A Daily Walk is Surprisingly Good for Your Brain

Contributed by: Dennis Fortier, President, Medical Care Corporation

We often cite research that correlates physical fitness with brain health. Surveys have shown, however, that many read the phrase "physical fitness" and conjure images of gym memberships and grueling workouts. Such a perspective may be a deterrent for those who assume that minimally intense workouts yield no benefits.

This post aims to dispel the notion that only an intense physical exercise is helpful.

Research published online yesterday in Neurology shows that a brief regular walk may meaningfully reduce the likelihood Alzheimer's disease. Specifically, the research showed a significant correlation between walking regularly and maintaining the volume of gray matter in the brain throughout later adulthood. More importntnly, walking regularly was negatively correlated with incidence of cognitive impairment.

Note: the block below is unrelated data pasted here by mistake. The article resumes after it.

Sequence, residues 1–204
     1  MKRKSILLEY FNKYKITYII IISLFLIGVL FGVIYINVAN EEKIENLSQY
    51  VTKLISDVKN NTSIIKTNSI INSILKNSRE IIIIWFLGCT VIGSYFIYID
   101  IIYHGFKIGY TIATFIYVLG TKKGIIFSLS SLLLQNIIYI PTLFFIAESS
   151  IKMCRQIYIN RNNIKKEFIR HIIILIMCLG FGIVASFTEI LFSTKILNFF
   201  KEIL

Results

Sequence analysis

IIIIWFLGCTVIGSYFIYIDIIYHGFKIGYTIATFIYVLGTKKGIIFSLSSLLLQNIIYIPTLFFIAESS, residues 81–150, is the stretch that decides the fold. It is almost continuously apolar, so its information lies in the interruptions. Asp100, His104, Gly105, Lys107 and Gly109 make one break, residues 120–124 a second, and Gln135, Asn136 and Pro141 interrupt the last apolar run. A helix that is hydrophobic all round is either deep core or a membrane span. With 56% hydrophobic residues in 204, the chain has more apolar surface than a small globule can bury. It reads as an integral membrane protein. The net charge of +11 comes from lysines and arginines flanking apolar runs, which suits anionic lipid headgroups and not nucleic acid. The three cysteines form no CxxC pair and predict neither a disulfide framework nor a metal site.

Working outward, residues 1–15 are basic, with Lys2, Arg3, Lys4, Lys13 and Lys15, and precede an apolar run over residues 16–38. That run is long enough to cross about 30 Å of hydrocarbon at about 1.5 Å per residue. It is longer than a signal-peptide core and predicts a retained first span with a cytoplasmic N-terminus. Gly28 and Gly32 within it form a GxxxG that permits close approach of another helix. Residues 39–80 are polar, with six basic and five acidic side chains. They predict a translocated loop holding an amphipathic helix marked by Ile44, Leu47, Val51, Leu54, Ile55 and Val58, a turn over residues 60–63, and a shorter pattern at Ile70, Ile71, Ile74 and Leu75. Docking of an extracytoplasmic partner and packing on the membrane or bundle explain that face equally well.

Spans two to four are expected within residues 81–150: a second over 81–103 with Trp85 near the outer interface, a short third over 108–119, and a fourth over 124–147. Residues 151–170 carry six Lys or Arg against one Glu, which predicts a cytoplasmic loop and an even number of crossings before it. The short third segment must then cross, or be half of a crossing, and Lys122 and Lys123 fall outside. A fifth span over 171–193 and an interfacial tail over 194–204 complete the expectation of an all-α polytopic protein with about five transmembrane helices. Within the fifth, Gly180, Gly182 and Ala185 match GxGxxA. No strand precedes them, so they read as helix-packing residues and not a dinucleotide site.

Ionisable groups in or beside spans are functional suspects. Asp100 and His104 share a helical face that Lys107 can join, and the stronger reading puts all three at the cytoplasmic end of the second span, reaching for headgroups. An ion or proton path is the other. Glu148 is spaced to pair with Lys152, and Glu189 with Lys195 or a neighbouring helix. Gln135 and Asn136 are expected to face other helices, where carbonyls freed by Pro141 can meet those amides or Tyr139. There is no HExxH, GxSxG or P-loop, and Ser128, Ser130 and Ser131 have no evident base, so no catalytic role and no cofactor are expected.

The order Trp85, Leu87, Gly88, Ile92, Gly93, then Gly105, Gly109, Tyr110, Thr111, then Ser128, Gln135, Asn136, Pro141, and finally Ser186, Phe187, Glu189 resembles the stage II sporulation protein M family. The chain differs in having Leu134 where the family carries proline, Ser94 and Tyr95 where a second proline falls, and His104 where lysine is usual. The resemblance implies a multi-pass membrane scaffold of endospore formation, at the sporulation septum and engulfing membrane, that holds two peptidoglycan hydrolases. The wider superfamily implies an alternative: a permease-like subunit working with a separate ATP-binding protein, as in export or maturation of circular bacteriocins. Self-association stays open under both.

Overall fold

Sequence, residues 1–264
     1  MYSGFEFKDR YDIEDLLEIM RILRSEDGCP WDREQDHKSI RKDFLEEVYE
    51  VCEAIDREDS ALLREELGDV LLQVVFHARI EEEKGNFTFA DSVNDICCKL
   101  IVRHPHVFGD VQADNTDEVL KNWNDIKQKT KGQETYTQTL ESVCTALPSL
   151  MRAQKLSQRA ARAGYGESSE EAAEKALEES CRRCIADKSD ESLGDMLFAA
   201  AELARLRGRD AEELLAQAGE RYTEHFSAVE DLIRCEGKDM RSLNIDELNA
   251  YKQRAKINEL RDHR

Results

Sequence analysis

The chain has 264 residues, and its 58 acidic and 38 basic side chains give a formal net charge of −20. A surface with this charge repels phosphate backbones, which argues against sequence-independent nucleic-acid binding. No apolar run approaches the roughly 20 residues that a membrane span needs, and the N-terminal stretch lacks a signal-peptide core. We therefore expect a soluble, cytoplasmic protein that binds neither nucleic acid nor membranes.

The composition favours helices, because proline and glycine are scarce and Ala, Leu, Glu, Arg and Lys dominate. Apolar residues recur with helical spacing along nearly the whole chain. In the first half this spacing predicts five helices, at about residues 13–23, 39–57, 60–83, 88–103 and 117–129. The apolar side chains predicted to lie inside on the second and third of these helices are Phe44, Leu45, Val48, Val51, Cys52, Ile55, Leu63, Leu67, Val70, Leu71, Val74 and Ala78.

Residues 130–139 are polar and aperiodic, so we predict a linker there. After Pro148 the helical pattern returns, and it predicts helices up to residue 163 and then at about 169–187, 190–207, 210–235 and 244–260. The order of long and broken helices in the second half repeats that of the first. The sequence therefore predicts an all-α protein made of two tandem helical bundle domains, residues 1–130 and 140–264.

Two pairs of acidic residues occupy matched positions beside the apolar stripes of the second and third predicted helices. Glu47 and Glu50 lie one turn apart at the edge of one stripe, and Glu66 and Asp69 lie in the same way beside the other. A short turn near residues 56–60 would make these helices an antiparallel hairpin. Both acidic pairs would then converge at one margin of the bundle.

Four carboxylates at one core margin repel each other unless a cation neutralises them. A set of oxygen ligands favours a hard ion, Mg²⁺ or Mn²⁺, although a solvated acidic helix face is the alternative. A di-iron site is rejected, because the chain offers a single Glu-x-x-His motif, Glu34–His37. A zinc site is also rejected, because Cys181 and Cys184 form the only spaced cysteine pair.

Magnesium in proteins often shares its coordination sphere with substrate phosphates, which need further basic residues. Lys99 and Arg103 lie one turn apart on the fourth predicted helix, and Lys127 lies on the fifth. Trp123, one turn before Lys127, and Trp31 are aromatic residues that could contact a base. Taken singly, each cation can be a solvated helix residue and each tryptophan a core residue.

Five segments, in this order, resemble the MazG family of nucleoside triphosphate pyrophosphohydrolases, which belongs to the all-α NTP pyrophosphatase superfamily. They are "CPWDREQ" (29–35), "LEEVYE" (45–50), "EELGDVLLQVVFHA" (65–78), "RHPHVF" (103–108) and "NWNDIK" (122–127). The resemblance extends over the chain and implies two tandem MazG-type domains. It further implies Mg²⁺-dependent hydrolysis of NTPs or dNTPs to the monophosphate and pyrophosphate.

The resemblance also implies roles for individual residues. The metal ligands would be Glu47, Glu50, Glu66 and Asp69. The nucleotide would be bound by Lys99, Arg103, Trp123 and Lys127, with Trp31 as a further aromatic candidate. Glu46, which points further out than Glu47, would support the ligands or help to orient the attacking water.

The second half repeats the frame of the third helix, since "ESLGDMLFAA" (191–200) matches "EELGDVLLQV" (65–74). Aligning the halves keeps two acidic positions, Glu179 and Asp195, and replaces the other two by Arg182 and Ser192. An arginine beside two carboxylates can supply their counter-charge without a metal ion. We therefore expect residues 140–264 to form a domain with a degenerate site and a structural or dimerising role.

This evidence is very consistent with other studies that have shown a daily walk of a mile or so can be part of a fantastic regimen for long-term health. In this regard, the Alzheimer's Association's tradition of holding "memory walks" to raise awareness about the disease is especially apropos.

Walk forth and be well.
A better understanding and more awareness of Alzheimer's related issues can impact personal health decisions and generate significant impact across a population of aging individuals. Please use the share buttons below to spread this educational message as widely as possible.

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